Hurricane Harvey Flood Damage & Reservoir Release Lawyers
It’s estimated that Hurricane Harvey damaged over 100,000 homes and up to 1 million vehicles in the Houston area alone. Because over 40 percent of these homes are outside the 100-year floodplain, many homeowners were led to believe that flood insurance wasn’t necessary, leaving up to 80 percent without flood coverage.
If Your Home or Business was Damaged During Harvey, Our Undefeated Flood and Hurricane Damage Lawyers Can Help.
Having recovered over $1 billion for our clients, including thousands of Texans who lost their homes and businesses in catastrophic hurricanes like Ike and Rita, our flood and hurricane damage lawyers have the resources and experience necessary to ensure that business and homeowners are fully compensated for their losses.
Even if you don’t have flood insurance, business and homeowners whose properties were flooded as a result of the Addicks and Barker Reservoir Releases that began at 2:00 am on August 28 may still be able to recover their property damages through an inverse condemnation action against the Harris County Flood Control District and U.S. Army Corps of Engineers.
Contact our Undefeated Hurricane and Flood Property Damage Lawyers for a Free Consultation at 1-888-603-3636 or by Clicking Here.
All consultations are free and, because our firm takes all cases on contingency, you’ll pay nothing unless we win a settlement or verdict on your behalf.
Hurricane Harvey’s Devastating Impact
Hurricane Harvey made landfall along the southeast Texas Gulf Coast as a Category 4 storm on the evening of August 25, 2017. Wind gusts were reported up to 132 mph (212 km/h) near Port Aransas. The winds generated by the massive store decimated entire neighborhoods throughout Rockport.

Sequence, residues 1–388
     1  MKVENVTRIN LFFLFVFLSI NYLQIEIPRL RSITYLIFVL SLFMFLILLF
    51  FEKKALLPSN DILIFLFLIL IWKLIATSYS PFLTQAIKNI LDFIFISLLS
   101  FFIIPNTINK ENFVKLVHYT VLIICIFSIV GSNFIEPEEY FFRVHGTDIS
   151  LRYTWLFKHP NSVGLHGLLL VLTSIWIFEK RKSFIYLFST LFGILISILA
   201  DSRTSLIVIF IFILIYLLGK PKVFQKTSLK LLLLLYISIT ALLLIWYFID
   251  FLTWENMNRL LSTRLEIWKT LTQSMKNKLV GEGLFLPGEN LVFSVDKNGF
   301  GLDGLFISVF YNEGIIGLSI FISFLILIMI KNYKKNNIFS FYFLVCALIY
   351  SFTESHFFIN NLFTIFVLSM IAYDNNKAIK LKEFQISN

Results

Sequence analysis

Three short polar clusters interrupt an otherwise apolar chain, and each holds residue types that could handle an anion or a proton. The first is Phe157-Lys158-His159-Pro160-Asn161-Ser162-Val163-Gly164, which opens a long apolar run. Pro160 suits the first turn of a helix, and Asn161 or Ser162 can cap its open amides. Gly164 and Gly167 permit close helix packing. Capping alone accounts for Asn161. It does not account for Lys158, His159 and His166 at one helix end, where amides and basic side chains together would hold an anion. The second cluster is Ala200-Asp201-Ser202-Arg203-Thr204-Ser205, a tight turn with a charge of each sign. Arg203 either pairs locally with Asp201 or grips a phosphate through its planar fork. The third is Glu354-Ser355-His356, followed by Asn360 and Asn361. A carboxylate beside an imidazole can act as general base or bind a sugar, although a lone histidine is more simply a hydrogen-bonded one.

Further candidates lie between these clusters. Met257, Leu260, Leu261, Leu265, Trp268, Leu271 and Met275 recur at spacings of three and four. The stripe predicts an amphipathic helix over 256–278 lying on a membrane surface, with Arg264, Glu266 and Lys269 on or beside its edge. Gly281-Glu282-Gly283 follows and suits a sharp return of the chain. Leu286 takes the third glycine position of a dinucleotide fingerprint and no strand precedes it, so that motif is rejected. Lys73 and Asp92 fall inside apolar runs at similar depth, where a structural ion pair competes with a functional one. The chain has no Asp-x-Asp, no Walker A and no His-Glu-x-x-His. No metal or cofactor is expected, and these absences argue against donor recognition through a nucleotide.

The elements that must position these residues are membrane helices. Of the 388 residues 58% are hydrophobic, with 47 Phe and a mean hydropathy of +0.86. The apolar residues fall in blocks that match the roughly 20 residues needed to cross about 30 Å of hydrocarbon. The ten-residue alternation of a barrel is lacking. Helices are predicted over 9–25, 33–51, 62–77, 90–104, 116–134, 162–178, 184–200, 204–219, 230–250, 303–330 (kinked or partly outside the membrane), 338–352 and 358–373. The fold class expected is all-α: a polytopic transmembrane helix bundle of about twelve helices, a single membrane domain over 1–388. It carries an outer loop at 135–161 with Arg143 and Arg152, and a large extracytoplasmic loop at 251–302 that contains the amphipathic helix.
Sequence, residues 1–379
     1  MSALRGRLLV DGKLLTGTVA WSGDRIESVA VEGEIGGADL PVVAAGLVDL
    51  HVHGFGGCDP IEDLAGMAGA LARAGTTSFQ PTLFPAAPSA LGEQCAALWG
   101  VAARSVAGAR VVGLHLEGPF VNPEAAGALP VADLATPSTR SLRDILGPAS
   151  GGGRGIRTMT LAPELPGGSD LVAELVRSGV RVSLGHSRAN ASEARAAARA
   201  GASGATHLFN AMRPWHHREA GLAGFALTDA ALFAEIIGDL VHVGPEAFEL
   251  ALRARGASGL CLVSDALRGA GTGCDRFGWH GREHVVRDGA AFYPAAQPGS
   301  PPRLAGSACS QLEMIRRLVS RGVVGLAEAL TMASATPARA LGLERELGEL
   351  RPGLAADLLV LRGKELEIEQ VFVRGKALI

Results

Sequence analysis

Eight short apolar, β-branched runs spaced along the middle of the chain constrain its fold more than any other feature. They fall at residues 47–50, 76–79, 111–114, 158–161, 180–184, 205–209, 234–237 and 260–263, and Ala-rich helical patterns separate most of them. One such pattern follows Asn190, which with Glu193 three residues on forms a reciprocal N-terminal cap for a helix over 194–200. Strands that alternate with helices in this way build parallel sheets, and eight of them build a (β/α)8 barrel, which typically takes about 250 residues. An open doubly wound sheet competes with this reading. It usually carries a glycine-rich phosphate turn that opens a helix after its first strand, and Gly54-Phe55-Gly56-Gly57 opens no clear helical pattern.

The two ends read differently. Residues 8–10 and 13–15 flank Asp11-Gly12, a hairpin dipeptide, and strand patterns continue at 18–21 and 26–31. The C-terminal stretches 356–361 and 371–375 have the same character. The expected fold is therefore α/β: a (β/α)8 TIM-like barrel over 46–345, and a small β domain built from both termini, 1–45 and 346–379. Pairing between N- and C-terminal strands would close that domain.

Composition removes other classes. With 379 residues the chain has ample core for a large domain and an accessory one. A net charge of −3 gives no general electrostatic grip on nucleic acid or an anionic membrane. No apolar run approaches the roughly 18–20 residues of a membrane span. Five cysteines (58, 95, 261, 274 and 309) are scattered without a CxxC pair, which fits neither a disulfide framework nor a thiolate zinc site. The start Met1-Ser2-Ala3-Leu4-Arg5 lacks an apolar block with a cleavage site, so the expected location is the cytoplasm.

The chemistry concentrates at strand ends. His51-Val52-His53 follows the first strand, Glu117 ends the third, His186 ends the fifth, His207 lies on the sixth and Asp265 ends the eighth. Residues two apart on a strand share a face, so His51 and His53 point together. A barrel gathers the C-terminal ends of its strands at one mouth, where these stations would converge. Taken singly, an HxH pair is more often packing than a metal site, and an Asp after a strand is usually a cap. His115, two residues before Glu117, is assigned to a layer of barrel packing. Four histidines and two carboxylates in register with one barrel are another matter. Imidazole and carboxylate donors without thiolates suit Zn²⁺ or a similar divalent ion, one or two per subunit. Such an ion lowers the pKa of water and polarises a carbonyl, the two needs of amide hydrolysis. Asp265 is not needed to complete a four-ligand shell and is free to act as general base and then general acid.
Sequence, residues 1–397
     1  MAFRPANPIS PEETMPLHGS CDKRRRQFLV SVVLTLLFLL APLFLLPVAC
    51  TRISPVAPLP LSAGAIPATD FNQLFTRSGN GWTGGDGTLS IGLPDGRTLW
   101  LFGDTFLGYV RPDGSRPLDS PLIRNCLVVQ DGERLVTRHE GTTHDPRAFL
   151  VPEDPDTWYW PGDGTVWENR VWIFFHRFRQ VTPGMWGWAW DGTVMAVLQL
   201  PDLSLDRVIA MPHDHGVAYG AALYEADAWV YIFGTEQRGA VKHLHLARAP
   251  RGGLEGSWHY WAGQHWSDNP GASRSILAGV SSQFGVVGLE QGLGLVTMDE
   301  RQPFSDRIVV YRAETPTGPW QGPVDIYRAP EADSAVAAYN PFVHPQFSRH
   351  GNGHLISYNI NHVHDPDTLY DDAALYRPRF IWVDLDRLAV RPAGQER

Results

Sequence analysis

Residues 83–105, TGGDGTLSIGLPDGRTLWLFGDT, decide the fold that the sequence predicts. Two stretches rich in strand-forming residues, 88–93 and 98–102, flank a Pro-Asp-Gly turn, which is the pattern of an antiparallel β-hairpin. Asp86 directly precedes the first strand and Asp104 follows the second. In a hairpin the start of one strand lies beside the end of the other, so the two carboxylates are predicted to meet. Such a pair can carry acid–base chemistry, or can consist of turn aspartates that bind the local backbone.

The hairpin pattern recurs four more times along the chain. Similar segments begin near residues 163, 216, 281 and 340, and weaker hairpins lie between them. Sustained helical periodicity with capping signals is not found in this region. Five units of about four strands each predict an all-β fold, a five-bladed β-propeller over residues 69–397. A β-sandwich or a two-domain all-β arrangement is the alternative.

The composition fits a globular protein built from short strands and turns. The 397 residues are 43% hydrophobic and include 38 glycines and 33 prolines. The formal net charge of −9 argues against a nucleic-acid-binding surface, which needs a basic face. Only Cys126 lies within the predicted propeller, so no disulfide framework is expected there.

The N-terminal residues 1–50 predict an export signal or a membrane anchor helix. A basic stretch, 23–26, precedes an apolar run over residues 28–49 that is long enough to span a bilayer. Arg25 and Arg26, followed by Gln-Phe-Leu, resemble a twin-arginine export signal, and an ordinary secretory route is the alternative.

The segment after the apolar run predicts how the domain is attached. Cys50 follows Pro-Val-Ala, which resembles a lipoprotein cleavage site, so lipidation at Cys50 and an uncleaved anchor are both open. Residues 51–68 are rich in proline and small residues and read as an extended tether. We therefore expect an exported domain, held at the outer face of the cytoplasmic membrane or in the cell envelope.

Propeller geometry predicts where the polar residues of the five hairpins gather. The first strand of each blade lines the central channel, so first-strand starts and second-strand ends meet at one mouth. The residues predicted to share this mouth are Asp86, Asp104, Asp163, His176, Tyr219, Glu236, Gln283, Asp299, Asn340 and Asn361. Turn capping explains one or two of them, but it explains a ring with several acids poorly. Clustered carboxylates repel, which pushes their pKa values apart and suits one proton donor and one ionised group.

Once the storm made its way to Houston, it stalled, dumping more than 50 inches of rain on the city in a matter of days.
But, unfortunately, the flooding continued even after the storm had moved on, due to the Harris County Flood Control District’s and Army Corps of Engineer’s decision to release up to 7 million gallons of water per minute from the Addicks and Barker Reservoirs. Up to 4,000 homes and business in West Houston that made it through the worst parts of Harvey without flood damage ended up being decimated and, some cases, almost completely submerged.
By the time Harvey left Texas, it had displaced more than 1 million people and damaged some 200,000 homes along a path of destruction that stretched for more than 300 miles.
At least 70 deaths have been tragically tied to Hurricane Harvey.
Inverse Condemnation Claims From the Addicks and Barker Reservoir Releases
By August 28th, rains from Harvey had nearly filled the Addicks and Barker Reservoirs, prompting the U.S. Army Corps of Engineers and the Houston Flood Control District to start releasing water from the reservoirs at around 2:00 a.m.